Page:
Thursday, February 16, 2006

White wine was Tutankhamen's afterlife tipple


IOL: "King Tutankhamen, the teenage king of ancient Egypt, headed into the afterlife with the help of a rather decent white wine, the British weekly New Scientist reports in next Saturday's issue.

University of Barcelona researchers in Spain used liquid chromatography and mass spectrometry to get the chemical 'fingerprint' of residues found in six wine jars found in Tut's tomb.

All six contained tartaric acid, which is characteristic of grapes, but only one contained syringic acid, which is only found in the skin of red grapes and gives red wine its colour.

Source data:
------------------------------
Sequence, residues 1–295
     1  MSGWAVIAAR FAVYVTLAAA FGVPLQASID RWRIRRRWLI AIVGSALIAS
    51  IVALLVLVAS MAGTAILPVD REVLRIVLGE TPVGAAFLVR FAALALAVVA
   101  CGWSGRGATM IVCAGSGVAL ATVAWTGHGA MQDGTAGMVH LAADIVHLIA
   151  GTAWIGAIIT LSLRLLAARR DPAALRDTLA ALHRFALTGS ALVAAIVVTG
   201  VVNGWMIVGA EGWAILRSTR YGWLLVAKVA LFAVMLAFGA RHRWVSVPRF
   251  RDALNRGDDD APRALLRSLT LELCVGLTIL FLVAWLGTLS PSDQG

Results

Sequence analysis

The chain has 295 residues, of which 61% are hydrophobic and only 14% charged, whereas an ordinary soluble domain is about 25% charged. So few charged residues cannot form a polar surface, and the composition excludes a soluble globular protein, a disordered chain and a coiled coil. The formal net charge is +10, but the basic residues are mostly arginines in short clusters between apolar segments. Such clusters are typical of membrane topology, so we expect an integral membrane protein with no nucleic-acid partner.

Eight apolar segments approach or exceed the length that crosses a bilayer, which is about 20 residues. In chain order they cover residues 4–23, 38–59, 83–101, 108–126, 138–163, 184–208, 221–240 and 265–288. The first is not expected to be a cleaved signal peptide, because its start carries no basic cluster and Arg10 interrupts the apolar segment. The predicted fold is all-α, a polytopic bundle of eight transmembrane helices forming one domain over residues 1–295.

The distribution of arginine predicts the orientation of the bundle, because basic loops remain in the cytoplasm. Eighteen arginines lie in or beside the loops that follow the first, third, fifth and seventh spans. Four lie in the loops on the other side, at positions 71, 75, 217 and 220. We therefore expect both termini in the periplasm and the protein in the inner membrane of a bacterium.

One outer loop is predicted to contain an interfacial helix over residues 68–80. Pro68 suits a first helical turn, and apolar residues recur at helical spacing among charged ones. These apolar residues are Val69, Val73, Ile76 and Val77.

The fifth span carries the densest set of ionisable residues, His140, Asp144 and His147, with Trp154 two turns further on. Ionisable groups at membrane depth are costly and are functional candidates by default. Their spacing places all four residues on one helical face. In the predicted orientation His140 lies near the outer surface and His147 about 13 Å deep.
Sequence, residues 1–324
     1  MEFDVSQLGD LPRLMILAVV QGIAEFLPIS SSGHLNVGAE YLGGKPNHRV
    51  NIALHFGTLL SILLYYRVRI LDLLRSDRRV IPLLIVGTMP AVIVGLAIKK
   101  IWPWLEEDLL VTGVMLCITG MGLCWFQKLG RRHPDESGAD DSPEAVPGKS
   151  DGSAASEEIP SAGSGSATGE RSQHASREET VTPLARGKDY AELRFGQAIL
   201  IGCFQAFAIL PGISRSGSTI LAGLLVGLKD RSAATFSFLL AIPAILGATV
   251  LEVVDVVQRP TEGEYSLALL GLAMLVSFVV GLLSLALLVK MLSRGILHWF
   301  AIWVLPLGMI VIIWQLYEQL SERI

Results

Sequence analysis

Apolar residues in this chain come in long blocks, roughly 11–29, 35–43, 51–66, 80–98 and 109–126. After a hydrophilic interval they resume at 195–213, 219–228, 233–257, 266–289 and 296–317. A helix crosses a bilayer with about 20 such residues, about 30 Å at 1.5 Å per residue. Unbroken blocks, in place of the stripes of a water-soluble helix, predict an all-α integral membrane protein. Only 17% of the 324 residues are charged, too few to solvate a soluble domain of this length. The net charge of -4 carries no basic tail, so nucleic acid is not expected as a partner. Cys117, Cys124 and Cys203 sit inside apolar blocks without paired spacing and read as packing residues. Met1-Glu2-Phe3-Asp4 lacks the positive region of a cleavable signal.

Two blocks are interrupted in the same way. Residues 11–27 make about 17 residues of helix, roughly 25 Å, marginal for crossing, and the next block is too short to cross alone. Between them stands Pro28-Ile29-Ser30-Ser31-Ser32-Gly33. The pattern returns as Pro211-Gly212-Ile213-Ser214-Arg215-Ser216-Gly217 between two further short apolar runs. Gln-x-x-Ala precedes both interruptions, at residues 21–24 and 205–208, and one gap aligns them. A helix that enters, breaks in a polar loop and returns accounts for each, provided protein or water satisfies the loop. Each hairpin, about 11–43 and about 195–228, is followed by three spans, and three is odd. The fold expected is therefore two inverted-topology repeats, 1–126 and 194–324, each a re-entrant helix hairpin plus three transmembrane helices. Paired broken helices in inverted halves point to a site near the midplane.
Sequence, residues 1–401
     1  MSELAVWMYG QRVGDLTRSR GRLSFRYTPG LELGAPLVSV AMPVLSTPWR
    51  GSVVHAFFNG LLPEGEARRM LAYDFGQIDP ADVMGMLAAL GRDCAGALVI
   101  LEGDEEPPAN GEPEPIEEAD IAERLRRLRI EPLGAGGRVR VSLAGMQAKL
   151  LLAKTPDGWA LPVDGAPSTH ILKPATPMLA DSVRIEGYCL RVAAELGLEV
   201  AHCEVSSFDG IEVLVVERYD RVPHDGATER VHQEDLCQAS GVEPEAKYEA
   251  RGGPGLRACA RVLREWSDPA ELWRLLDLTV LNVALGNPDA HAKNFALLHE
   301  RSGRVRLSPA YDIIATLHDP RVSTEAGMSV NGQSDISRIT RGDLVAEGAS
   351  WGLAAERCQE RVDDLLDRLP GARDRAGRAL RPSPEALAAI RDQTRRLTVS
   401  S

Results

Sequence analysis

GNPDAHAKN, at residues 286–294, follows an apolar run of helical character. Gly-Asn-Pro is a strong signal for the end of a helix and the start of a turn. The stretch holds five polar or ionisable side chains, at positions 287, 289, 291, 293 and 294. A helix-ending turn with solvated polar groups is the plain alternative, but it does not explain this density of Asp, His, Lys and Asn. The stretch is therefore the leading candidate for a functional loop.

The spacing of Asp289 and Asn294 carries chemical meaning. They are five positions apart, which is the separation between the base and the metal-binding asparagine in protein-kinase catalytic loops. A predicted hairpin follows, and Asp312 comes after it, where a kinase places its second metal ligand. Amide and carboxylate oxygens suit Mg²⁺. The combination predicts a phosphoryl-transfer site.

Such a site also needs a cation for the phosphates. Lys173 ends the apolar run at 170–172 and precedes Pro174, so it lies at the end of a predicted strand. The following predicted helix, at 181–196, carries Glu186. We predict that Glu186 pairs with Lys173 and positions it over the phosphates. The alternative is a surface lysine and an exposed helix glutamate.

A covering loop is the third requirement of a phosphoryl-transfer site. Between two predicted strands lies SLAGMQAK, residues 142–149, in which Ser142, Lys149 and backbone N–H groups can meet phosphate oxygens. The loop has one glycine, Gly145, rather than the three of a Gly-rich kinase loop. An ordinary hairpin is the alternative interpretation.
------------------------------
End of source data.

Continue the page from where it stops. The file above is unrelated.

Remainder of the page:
Their conclusion is that the other five jars must have contained white wine - a surprise, given that until now the first evidence of white wine in Egypt dated from the third century AD, about 1 500 years after the young pharaoh died.

Red wine was often placed in tombs in ancient Egypt to give the dead a jolly send-off into the afterlife, but it now seems that white wine was on the menu as well."